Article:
In terms of difficulty, that whole setup of those shots at the end of the movie was just so amazing. JD often said we have to be careful because we have so many gorgeous shots that we can’t make this aerial candy. We have to be very selective. Not to say that you can't use a beautiful shot. You have to look for a shot that maybe has more edge to it, but at the same time, don't fall in love with the shots too much. Don't make them so gorgeous.You've got a story to tell and the story's more important visuals.
FOX: That sequence that you were talking about with the announcer talking, if I could, I would've made it twice as long. But you want people to want more.
Or that first time that they flew. When they're going down the beach with all those amazing shots, there were like five shots and it was very painful.Just to get it a little tighter -
FOX: -Yeah, we just saw three other gorgeous shots, and said, “That's a great shot but that'll be for the return to Devotion.”I'm assuming you have an agent, but so often the projects are coming to you without the need of the agent. Talk to me about the value of an agent.
FOX: I've been doing this a long time and I have relationships with directors and with studios and with producers. But simultaneously, if I look at the work that I do, a percentage of it is through previous relationships, but a number of them come through my agent and my agent knows exactly what I like and knows the types of projects that interest me.
My agent will hear about a project way in the embryonic stage when it's a year away from shooting and is able to set up that interview. So there's that. It makes a big difference because I'm working, I don't have time to be looking for the next project.
And yes, so-and-so could call me and say, “Hey, what are you doing?” But sometimes, you need someone else looking for other projects or new directors that you haven't worked with before or different studios. There’s a whole business side, with negotiating your deal before you start the job. It does all fall into place but there’s always something, and agents are totally involved in dealing with the studio.
It's a very valuable asset. I think it helps expand the people you work with, hearing things that you would have not heard about. They also were the ones that received the phone calls of, “Hey, we're starting this show we're looking for…” How would you know? They could call you, but I don't get a lot of cold calls from people that I've never worked with before.I was thinking more of the relationships you've already built. You know that you don't need that guy to get you this job, but there's so much more that he's doing. The negotiating is part of it, right? That's the good cop, bad cop thing. It's that he knows the going prices, that kind of thing.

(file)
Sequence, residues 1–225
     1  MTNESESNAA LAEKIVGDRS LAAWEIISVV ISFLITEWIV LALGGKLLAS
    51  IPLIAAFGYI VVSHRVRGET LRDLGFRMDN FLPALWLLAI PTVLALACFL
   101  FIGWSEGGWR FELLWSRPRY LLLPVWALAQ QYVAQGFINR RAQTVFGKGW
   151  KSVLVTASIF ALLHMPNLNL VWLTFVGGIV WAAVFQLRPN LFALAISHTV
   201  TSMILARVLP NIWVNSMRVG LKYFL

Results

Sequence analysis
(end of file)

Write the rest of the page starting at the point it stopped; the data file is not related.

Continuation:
FOX: I didn't have an agent for a very long time. But I also knew that at a certain point it was going to be necessary.
Billy Fox's editing set-up at FOTOKEM, using Adobe Premiere Pro to edit "Devotion"Did you start by cutting on actual film?
FOX: No, I came from a television background working at a television station down in San Diego. A gentleman in San Diego had a commercial production company. He decided to put in editorial. He used to rent space at the station to edit his commercials, and I would work with him.
Then he decided to put in his own facility, his own edit room, and he hired me to build the room and also cut. So that was one of my very first things, and I did that for a number of years. Then I saw opportunities up in Los Angeles.Was that TV cutting? Video like ¾ beta, Digibeta. 1 inch?
FOX: It was all of that. And it was 2 inch. When I was first starting, I was, working on Ampex 2000s AVR-1s. I was involved with all of those formats. When I first moved to LA I worked for NBC News and NBC Sports and NBC Promotion.
They're separate companies, so to speak. But I would be hired and I would be moved around at NBC and I was there for a while. Had a ball. Just had a great time. Then I just saw an opportunity, because I really wanted to do drama. But at that time, all drama, be it television or feature, was all done in film.
I was in electronic, but I went all over the place to do music videos and specials - comedies and varying things. There was a river between electronic and film, and how do you get over there?
Slowly but surely the river just disappeared and they started looking at people who had an electronic understanding because - on at least a post-production level - that was the way it was going. So the somewhat negative thing of being an electronic edit became an asset rather than a negative.How did you make your jump to your first narrative project?
FOX: It's just hearing things. I was working through an edit facility, and they were going to be editing an, ABC afterschool special. They hadn't picked an editor and I got the gig. I don't even know how I got it.
I remember because I was my own assistant. It is one of the things that's interesting about the old world of editorial in the film world, you had an editor, but you had assistants who were in the room with that editor - and they're of course taking the dailies and they're logging them and doing all of that heavy lifting - but simultaneously they get to be in the room and watch how an editor processes their dailies and how the process happens.
Being that I was my own assistant. I remember starting to cut this and I thought, “I have no idea what I'm doing.” I have no idea if this is a good way to do it or a bad way to do it, because I had no point of reference.
I think it could be argued even today, I don't know if I'm a fast editor or a slow editor because I'm never in a room with another editor.Yeah. Most of us aren't.
FOX: I don't know if my technique is good or bad. I've complained about it once to a director, and he says, “It works. I like how you cut, you get it done, it's fine. Don't worry about it.”Did you cut that after-school special in video editing?
FOX: That was on a CMX 3400 on ¾ inch that we would master it. We would do an online later, but it was 3/4inchAs always, I loved our conversation.